Many engineers are more willing to solve a complicated Fluid Dynamics problem or analyze a water network then market their own business to prospective clients. It is not because engineers are not capable of marketing, it is just that marketing is simply outside of their comfort zone.
Engineers train for sometimes decades on solving highly technical real-world problems. For the most part, engineers are accustomed to seclusion to concentrate on complicated designs and analysis, while marketing has the perception of requiring a more gregarious person, an extrovert. Fortunately, the skills required to perform well at marketing are teachable.
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As engineers progress in their careers, they move away from technical analysis and design to managerial tasks. The head of an engineering department spends perhaps 95% of his day on management and maybe 5% on engineering. The lowly Project Engineer will spend 95% of his day on technical designs and analysis, and maybe 5% on a management task. Due to a lack of business skills, some engineers are unable to make the leap from engineering to management.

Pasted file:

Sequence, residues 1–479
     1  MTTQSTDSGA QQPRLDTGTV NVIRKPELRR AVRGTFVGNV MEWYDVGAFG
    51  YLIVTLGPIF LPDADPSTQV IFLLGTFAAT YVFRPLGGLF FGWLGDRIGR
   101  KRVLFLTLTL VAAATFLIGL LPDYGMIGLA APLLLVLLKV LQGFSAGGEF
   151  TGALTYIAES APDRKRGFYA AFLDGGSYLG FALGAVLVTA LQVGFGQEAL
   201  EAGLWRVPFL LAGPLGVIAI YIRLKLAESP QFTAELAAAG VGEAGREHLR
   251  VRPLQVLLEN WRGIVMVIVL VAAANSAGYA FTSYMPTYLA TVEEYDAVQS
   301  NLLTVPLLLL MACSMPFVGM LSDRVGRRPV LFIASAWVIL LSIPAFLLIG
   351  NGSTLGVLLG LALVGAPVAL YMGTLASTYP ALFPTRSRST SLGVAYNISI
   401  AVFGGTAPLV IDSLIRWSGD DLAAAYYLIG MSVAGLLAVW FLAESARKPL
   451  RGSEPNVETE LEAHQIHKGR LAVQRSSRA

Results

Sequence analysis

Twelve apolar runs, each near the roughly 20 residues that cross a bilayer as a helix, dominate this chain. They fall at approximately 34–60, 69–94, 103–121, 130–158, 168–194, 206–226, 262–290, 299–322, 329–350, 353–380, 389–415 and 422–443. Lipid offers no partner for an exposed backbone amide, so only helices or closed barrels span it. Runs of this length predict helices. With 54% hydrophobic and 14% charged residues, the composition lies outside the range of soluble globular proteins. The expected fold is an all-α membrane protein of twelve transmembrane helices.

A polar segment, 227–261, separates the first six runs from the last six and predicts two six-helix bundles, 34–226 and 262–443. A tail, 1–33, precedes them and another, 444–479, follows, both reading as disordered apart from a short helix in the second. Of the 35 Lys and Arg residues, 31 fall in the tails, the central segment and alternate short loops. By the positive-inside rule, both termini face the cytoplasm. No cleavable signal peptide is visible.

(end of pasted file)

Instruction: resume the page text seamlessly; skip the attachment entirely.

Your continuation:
Since business skills are teachable, the engineer can continue his education through training seminars and courses. Once the engineer comprehends the marketing concepts, he will understand that like the engineering market is a process that can be easily broken down into individual steps.
The engineer will also learn that marketing for engineering business is not like marketing for any other type of business and that an engineer is quite capable of performing many different types of marketing campaigns.
An engineer will be pleased to know marketing engineering services do not require television and radio advertisements or elaborate magazine advertisements. Engineering marketing requires only one thing; communicating your knowledge about your business to prospective clients.